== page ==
My mother’s maternal  relatives hailed from the Corbin County, Kentucky, area (home of KFC); they were poor as dirt.  Her grandmother (aka “Mamaw”) was the alcoholic of the family and mean as all get out; she was the itinerant relative; she would come visit for weeks/months at a time before becoming so irritating that she would be forced to move on to another family member’s abode. Her husband, who no one ever mentioned and either died or ran off before I was born, was consider of no account.

Upon being thrown out of his mountain home, my mother’s father made his way to Knoxville, finding work with the old L&N Railroad which trained him to become a steam engine mechanic. Thus he escaped Appalachia, eventually ending up in Louisville, Kentucky.  My father’s family remained Kentucky gentry until my grandfather’s older brothers squandered the family fortune, the depression came along and he and my grandmother were forced into the big city (Louisville), where he found a lifetime’s work with the A&P grocery store.  My father, born in Louisville and an only child, put himself through college, then law school, by working for the local newspaper. My mother, the second of five children, was a nurse.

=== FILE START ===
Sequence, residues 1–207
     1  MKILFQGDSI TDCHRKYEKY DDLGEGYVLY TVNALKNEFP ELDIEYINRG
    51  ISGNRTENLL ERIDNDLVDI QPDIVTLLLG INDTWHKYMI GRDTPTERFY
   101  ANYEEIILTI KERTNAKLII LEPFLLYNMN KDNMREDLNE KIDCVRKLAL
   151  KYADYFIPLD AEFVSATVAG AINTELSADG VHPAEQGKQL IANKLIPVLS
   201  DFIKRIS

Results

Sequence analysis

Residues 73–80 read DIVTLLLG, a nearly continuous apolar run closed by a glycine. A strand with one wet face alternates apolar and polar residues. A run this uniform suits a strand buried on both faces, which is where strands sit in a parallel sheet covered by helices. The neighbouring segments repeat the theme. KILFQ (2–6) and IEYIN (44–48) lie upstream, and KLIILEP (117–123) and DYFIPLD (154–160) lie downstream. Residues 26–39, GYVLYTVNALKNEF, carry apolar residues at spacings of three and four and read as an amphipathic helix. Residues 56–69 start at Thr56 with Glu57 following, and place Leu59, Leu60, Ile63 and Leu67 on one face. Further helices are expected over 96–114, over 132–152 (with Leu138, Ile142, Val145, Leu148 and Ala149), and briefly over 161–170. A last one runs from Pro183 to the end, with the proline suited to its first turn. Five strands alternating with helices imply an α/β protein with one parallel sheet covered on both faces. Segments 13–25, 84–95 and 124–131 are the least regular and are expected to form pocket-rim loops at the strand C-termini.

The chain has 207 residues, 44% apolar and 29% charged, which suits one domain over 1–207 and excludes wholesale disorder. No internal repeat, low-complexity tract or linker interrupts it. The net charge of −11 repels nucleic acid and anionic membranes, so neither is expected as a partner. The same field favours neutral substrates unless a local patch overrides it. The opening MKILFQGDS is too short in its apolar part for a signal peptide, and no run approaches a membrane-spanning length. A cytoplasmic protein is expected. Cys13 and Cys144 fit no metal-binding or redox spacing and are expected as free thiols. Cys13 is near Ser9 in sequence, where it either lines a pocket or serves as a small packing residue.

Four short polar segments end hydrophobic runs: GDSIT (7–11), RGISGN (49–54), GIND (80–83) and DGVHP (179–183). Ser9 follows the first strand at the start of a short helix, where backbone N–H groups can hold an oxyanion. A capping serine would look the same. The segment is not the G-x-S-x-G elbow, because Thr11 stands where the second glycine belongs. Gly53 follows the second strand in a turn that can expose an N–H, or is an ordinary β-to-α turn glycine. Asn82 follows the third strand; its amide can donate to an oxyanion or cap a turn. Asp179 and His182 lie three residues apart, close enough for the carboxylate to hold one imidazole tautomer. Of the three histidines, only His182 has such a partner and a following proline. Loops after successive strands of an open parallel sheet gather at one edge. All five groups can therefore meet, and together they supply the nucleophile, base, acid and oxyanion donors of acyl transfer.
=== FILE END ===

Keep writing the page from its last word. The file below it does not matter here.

My family were teetotalers, i.e. they did not drink, part of that Southern Baptist wave that kept Rev. Billy Graham in a nice house for so many years.  All had seen the effects of drinking and the lack of discipline it fostered; all decided, more or less independently, that there would be no drinking or dancing if they had anything to say about it.   And there wasn’t. No cussing.  No making scenes or public disrespect.  You thought before you spoke; you didn’t make snap judgments; you sat quietly in church which you attended regularly, meaning at least three times a week; you were clean and dressed as well as you could; you did not speak out of turn.